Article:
Tuesday, February 5, 2008

The Importance of Qualified Experts

While most mental health professionals who work in the area of divorce would describe some familiarity with Parental Alienation Syndrome, it is important to understand that this is a very specialized field that requires different evaluative techniques and tools than if Alienation is not present. If the evaluator is not intimately familiar with the nuances of this phenomenon, it is likely that this condition will be misdescribed and mistreated.

First, Parental Alienation must be distinguished from Parental Alienation Syndrome. Parental Alienation refers to the behaviors engaged in by the parent, with the possible result being the development of Parental Alienation Syndrome in the child. Parental Alienation refers to the actions of one parent onto the children. Specifically, this refers to one parent denigrating, criticizing and attacking the other parent in front of and ultimately with the children. It represents the one parent's attempt to remove what is referred to as the “Target Parent” from their children's lives, and making it appear that it is the child who feels this way. How this is accomplished ranges from the most subtle to the most obvious of strategies. But they all carry the common goal of attempting to eliminate the Target Parent from the child's life and world. Parental Alienation refers to specific actions by the Alienating Parent. These behaviors are predictable and form an identifiable pattern. The pattern of these behaviors form four Criteria which are listed below

Visitation or access blocking by one parent
False allegations of abuse or unfit parenting against the Target Parent
Deterioration in the relationship with the child and the Target Parent since marital separation
Exaggerated fear reaction on the part of the child at displeasing the Alienating Parent
When these four criteria are present, the stage is set for the development of Parental Alienation Syndrome.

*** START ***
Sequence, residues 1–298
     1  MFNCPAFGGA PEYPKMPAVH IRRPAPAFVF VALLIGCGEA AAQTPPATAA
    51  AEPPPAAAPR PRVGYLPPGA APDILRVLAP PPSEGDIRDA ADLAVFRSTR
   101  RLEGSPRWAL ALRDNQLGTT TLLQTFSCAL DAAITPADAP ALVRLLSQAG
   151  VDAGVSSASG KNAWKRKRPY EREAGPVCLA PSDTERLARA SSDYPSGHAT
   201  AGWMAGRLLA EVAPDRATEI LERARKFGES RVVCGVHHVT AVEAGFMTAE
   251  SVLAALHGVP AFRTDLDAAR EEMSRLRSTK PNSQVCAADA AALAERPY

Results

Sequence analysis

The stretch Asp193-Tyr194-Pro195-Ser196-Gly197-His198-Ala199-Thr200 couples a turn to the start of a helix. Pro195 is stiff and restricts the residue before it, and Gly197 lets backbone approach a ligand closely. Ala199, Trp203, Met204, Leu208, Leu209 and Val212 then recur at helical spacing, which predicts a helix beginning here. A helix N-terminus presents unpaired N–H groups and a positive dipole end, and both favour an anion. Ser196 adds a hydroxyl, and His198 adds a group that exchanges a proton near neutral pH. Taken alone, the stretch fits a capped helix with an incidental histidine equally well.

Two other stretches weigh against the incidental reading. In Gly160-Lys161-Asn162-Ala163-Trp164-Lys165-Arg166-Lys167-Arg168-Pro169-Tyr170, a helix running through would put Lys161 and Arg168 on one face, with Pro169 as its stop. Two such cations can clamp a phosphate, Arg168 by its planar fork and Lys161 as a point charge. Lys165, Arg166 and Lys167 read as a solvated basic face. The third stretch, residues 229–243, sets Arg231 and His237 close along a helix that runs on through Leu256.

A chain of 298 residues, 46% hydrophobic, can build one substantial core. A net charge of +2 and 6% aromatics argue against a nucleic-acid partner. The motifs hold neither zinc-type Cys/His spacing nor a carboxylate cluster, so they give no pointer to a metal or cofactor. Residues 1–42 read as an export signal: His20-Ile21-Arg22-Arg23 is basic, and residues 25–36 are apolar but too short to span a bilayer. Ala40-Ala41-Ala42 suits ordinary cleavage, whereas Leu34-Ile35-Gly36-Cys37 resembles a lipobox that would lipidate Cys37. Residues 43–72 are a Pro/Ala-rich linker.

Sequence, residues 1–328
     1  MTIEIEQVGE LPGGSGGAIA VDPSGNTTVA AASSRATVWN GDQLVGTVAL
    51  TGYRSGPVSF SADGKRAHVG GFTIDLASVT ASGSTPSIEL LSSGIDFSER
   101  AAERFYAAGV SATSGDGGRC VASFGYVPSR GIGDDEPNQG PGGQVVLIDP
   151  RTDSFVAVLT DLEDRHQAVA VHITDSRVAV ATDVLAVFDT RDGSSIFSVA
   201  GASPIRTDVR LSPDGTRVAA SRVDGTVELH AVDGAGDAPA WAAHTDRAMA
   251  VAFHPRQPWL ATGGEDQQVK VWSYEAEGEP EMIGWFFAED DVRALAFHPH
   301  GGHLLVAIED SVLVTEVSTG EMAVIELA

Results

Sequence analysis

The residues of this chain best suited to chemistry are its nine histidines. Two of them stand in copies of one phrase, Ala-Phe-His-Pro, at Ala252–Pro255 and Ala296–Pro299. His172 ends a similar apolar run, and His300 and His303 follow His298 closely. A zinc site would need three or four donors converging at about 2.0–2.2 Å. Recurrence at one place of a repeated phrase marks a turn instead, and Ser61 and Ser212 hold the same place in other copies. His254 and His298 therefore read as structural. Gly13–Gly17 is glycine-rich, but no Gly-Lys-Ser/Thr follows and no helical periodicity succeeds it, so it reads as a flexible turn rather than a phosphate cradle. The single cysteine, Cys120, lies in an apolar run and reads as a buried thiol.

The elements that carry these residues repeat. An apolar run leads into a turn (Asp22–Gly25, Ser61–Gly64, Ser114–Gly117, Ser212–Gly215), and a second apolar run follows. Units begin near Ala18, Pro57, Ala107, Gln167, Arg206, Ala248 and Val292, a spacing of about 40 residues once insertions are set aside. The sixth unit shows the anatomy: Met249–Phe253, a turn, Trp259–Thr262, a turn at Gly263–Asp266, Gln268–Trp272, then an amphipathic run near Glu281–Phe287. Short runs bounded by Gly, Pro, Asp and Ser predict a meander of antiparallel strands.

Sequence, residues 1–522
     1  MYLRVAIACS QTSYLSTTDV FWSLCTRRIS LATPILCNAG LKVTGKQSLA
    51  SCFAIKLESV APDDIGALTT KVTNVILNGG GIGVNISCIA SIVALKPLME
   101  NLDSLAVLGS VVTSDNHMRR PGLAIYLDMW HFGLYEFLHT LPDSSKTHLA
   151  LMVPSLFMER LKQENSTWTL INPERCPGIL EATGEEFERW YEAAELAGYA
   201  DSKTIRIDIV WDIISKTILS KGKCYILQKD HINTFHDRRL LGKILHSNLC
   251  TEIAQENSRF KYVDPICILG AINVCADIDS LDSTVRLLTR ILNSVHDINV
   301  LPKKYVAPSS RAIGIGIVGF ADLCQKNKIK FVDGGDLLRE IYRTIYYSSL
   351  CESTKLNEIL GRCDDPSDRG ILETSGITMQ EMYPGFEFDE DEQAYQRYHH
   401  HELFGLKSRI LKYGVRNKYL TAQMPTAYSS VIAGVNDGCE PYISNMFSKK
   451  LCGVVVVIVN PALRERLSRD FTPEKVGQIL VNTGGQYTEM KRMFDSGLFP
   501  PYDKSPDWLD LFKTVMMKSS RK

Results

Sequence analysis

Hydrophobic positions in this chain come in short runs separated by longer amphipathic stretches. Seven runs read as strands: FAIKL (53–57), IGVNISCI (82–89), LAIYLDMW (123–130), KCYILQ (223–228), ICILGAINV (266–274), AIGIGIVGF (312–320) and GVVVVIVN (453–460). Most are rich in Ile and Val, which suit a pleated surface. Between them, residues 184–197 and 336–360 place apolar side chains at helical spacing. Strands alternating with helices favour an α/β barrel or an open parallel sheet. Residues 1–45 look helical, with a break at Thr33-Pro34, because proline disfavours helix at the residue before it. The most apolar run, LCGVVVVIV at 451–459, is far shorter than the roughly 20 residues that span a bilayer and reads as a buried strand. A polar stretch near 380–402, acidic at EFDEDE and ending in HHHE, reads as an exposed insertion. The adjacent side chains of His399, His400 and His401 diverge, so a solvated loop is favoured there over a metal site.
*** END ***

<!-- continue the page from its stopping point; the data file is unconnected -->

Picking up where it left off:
Parental Alienation Syndrome (PAS) is the psychological condition that exists within the child who has been a victim of these Parental Alienating behaviors. These behaviors have the effect of causing the child to internally reformulate how they view and feel about the now absent Parent. Parental Alienation Syndrome is the process of manipulating the child to internally transform their view of the other parent from being an object of love into being an object of hate. This is a profound and very damaging psychological illness can and often will create life long harm to the child, well into adulthood.

Parental Alienation Syndrome is the result of the child living in the presence of the four criteria listed above for some significant period of time. Parental Alienation Syndrome can be identified by the presence of following manifestations or symptoms in the child. They are:

Campaign of Denigration
Weak or Frivolous Rationalizations for the Deprecation
Lack of Ambivalence
"Independent Thinker" Phenomenon
Reflexive support of Alienating Parent
Absence of guilt over cruelty and exploitation of Alienated Parent
Presence of Borrowed Scenarios
Spread of Animosity to Extended Family of Alienated Parent

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